Skip to comments.Why are America's farmers killing themselves in record numbers?
Posted on 10/07/2018 8:09:26 AM PDT by huldah1776
Rosmann, an Iowa farmer, is a psychologist and one of the nations leading farmer behavioral health experts. He often answers phone calls from those in crisis. And for 40 years, he has worked to understand why farmers take their lives at such alarming rates currently, higher rates than any other occupation in the United States.
Last year, a study by the Centers for Disease Control and Prevention (CDC) found that people working in agriculture including farmers, farm laborers, ranchers, fishers, and lumber harvesters take their lives at a rate higher than any other occupation. The data suggested that the suicide rate for agricultural workers in 17 states was nearly five times higher compared with that in the general population.
After the study was released, Newsweek reported that the suicide death rate for farmers was more than double that of military veterans . Rosmann and other experts add that the farmer suicide rate might be higher, because an unknown number of farmers disguise their suicides as farm accidents.
In the 1980s, Americas continuing family farm crisis began. Loans were called in. Interest rates doubled overnight. Farmers were forced to liquidate their operations and evicted from their land. There were fights at grain elevators, shootings in local banks. The suicide rate soared.
Rosmanns program proved so successful that it became the model for a nationwide program called the Farm and Ranch Stress Assistance Network (FRSAN). Snip The program, which would have created regional and national helplines and provided counseling for farmers, was estimated to cost the government $18m annually. Rosmann argues that US farmers lost by suicide totals much more than this in dollars, farmland, national security in the form of food, and the emotional and financial toll on families and entire communities.
(Excerpt) Read more at theguardian.com ...
I actually really miss the isolation.
Of all issue my family had as a kid, the remotes never bothered Dad and I.
Mom was nuts, but that had a lot more to do with other things but being 30 minutes from town didn’t help
CDC’s data group is overly broad and captures too many non-farm operators to be of use.
Show me data drawn from farm owner-operator suicide investigations with autopsies not inconsistent death certificate reporting which varies at every level of transmission in 17 states.
Very good points. A lot of the uncertainty in the farming occupation is caused by natural factors, but a lot more is regulation.
Glad you were interested - here’s much of the legal history. For a proper understanding of the background not only must the Constitution be read, but the 1854 Treaty with the Nisqualli (Tribe) and the 1855 Treaty of Neah Bay (Makah Tribe)
1854 Treaty with the Nisqualli (Tribe): It is upon this treaty which the present-day Washington State Tribes make their claims to whaling and fishing rights. Article 4 gives them this “right” stating both to be “in common with all” citizens. While all citizens can fish for salmon, none are permitted to go whaling.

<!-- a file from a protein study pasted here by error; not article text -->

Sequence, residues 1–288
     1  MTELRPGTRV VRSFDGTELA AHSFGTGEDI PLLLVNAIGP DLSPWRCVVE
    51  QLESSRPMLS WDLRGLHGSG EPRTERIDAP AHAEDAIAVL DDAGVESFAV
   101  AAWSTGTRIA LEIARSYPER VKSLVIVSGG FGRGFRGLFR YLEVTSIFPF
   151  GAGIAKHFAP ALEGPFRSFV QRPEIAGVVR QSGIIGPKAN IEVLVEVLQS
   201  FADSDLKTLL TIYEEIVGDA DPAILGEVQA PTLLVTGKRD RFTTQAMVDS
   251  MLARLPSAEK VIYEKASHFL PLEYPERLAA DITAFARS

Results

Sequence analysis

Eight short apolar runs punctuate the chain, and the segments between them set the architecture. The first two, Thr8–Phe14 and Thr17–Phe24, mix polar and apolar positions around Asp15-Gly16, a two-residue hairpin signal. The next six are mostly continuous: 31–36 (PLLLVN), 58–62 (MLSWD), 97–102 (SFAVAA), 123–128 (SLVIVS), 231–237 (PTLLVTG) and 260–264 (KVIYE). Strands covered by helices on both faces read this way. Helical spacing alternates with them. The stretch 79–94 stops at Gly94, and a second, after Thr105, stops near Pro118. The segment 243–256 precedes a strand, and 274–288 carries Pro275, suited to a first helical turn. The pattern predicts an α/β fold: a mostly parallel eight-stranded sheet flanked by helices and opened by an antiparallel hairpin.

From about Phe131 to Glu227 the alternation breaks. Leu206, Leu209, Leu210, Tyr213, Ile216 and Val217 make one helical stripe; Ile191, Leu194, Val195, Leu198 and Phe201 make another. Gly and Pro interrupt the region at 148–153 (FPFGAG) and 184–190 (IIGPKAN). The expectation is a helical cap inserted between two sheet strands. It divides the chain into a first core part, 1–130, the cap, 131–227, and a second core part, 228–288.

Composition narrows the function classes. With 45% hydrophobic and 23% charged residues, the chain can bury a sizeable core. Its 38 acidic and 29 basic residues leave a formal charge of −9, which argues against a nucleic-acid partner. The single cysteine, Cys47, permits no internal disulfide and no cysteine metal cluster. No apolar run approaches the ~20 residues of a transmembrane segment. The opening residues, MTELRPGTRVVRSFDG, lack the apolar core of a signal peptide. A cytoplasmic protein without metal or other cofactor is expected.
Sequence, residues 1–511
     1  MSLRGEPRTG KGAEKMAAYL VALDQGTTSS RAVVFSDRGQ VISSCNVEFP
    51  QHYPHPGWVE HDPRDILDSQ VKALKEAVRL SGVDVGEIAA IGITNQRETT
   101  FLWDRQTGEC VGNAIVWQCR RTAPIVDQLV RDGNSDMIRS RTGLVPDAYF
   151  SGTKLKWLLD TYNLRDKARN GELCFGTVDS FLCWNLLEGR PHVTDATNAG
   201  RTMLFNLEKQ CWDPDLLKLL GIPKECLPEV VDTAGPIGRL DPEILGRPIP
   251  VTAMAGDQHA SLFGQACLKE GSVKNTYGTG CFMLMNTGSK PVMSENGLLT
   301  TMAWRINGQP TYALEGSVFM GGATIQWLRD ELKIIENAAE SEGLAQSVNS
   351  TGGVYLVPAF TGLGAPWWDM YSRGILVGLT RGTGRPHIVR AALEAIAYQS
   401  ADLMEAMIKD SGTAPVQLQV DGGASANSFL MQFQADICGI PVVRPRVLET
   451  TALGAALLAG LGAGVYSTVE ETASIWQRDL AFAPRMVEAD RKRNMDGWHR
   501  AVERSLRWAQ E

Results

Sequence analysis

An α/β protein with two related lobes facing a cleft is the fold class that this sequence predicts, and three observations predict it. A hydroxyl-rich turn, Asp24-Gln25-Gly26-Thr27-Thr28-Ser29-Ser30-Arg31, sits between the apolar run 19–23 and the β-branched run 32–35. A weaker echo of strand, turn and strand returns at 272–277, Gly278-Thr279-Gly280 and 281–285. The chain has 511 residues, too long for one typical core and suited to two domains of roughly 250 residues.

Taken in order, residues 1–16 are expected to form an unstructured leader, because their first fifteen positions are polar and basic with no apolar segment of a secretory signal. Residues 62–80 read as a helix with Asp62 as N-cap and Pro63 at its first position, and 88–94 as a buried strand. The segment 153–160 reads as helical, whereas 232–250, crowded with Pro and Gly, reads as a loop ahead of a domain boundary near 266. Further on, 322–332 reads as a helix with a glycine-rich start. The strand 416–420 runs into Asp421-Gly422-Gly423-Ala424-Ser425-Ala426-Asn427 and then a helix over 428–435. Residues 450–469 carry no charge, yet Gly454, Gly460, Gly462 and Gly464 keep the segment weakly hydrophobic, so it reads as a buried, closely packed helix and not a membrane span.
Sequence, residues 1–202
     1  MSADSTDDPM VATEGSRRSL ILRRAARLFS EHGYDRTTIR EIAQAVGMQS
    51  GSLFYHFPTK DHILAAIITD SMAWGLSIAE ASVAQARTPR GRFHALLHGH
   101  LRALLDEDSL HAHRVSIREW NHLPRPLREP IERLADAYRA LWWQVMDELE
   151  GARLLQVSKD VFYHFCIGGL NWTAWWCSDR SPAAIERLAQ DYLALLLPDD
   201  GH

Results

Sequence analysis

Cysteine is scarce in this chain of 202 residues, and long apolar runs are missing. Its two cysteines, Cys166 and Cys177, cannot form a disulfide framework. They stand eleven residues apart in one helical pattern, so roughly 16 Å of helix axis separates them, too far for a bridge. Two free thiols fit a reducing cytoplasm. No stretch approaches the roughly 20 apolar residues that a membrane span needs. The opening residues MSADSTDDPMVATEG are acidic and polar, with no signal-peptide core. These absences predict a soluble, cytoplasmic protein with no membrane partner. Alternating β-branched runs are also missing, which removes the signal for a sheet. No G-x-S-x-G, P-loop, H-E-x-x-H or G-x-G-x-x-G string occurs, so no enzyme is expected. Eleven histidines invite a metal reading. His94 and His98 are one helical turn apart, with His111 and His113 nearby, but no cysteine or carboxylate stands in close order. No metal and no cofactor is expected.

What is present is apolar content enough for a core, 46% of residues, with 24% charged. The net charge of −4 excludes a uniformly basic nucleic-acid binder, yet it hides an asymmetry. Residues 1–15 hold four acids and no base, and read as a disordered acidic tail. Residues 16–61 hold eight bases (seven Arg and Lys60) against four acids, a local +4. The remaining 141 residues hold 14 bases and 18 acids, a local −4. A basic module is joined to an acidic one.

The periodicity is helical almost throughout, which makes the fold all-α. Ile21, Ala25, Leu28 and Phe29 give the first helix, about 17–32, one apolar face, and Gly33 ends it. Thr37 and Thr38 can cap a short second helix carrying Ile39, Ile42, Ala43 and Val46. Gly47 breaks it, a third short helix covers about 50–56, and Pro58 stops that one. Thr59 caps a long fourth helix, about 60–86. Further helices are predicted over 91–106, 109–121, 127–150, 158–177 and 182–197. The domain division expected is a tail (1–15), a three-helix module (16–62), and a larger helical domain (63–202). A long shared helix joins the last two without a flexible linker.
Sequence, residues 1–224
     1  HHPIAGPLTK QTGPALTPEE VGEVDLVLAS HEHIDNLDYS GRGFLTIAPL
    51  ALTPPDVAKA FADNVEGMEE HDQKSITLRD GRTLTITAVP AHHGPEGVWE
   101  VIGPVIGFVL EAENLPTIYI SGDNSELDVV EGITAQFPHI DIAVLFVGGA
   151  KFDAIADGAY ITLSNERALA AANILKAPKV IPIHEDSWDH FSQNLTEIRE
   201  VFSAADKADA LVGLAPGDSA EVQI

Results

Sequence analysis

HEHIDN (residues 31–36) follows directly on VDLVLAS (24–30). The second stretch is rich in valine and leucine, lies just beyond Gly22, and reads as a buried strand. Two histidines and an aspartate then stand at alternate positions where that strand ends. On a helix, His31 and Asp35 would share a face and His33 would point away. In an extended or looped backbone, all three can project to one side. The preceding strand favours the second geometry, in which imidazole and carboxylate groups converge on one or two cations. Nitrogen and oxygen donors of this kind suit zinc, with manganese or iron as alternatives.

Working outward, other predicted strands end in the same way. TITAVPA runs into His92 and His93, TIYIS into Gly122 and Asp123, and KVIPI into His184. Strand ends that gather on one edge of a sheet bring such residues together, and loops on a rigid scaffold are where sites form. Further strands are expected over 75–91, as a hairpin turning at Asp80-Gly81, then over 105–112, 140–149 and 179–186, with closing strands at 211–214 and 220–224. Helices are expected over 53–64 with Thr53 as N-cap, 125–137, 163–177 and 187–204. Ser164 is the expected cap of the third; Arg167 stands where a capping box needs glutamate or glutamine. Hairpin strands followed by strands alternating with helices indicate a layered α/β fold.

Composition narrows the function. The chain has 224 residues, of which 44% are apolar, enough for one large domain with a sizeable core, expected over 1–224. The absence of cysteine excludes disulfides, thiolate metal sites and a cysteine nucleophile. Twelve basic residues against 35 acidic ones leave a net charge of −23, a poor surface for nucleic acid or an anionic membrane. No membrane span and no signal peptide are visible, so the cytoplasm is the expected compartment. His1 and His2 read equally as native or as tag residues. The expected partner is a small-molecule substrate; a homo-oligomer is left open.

1) PUYALLUP TRIBE v. DEPT. OF GAME, 391 U.S. 392 (1968)
U.S. Supreme Court
PUYALLUP TRIBE v. DEPT. OF GAME, 391 U.S. 392 (1968) 391 U.S. 392
PUYALLUP TRIBE v. DEPARTMENT OF GAME OF WASHINGTON ET AL.
CERTIORARI TO THE SUPREME COURT OF WASHINGTON.
Argued March 25-26, 1968.
Decided May 27, 1968.
This ruling gave the Tribes the right to fish with non-traditional gear like gill nets, set nets and purse seines off-reservation.
2) WASHINGTON GAME DEPT. v. PUYALLUP TRIBE, 414 U.S. 44 (1973)
U.S. Supreme Court
WASHINGTON GAME DEPT. v. PUYALLUP TRIBE, 414 U.S. 44 (1973)
414 U.S. 44
DEPARTMENT OF GAME OF WASHINGTON v. PUYALLUP TRIBE ET AL.
CERTIORARI TO THE SUPREME COURT OF WASHINGTON
Argued October 10, 1973
Decided November 19, 1973*
This ruling gave the tribes access to in-river fisheries, but provided that the state was not obligated to subsidize them with planted fish.
3) United States v. State of Washington, 384 F. Supp. 312 (W.D. Wash. 1974) - AKA the Boldt Decision
U.S. District Court for the Western District of Washington - 384 F. Supp. 312 (W.D. Wash. 1974)
March 22, 1974
UNITED STATES of America, Plaintiff,
Quinault Tribe of Indians on its own behalf and on behalf of the Queets Band of Indians, et al., Intervenor-Plaintiffs, v. STATE OF WASHINGTON, Defendant,
Thor C. Tollefson, Director, Washington State Department of Fisheries, et al., Intervenor-Defendants.
Civ. No. 9213.
United States District Court, W. D. Washington at Tacoma.
February 12, 1974.
On Question Per Reconsideration Motion March 22, 1974.
Injunction March 22, 1974.
Gave the Tribes 80% of the salmon with the remaining 20% to be split 60-40 between escapement and non-Indians.
4) PUYALLUP TRIBE v. WASHINGTON GAME DEPT., 433 U.S. 165 (1977)
U.S. Supreme Court
PUYALLUP TRIBE v. WASHINGTON GAME DEPT., 433 U.S. 165 (1977)
433 U.S. 165
PUYALLUP TRIBE, INC., ET AL. v. DEPARTMENT OF GAME OF WASHINGTON ET AL.
CERTIORARI TO THE SUPREME COURT OF WASHINGTON
Argued April 18, 1977
Decided June 23, 1977
This ruling rejected Tribal claims to exclusive fishing rights to salmon and maked catch accounting voluntary.
4) PURSE SEINE VESSEL OWNERS ASSOCIATION,
Puget Sound Gillnetters Association, Frank Marinkovich, Philip Sutherland, and Wallace K. Green,
Plaintiffs-Appellants, vs. UNITED STATES DEPARTMENT OF STATE,
the National Oceanic and Atmospheric Administration, the National Marine Fisheries Service, the United States Coast Guard, the United States Department of the Interior, and the Bureau of Indian Affairs,
United States Court Of Appeals, Ninth Circuit
584 F.2d 931, 1978 U.S. App. Decision
October 26, 1978
5) WASHINGTON v. FISHING VESSEL ASSN., 443 U.S. 658 (1979)
WASHINGTON ET AL. v. WASHINGTON STATE COMMERCIAL PASSENGER FISHING VESSEL
ASSOCIATION ET AL. CERTIORARI TO THE SUPREME COURT OF WASHINGTON
Argued February 28, 1979.
Decided July 2, 1979.